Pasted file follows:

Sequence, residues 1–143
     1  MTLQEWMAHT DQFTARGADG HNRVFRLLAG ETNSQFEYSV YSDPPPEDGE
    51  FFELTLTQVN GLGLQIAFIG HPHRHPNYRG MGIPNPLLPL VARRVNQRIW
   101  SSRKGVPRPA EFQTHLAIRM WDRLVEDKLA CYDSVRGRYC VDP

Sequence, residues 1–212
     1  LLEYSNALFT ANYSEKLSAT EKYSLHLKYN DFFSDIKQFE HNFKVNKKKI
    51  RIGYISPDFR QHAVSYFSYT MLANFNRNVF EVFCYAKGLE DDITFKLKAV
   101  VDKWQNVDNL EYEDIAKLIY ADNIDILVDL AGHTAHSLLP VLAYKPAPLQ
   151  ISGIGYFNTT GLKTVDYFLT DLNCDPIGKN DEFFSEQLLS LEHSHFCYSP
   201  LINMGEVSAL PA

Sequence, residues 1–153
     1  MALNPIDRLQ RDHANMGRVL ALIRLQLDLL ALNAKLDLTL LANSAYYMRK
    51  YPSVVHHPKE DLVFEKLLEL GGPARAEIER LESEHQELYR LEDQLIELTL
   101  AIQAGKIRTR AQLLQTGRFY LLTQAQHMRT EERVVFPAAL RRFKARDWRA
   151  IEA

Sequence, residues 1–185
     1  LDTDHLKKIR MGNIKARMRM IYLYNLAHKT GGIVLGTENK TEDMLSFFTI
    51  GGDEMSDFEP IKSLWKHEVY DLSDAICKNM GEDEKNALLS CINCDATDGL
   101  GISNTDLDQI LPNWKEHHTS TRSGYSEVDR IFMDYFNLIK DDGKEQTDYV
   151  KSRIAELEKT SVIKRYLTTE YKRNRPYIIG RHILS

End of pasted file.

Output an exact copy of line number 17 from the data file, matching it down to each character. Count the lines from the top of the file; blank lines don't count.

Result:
     1  LDTDHLKKIR MGNIKARMRM IYLYNLAHKT GGIVLGTENK TEDMLSFFTI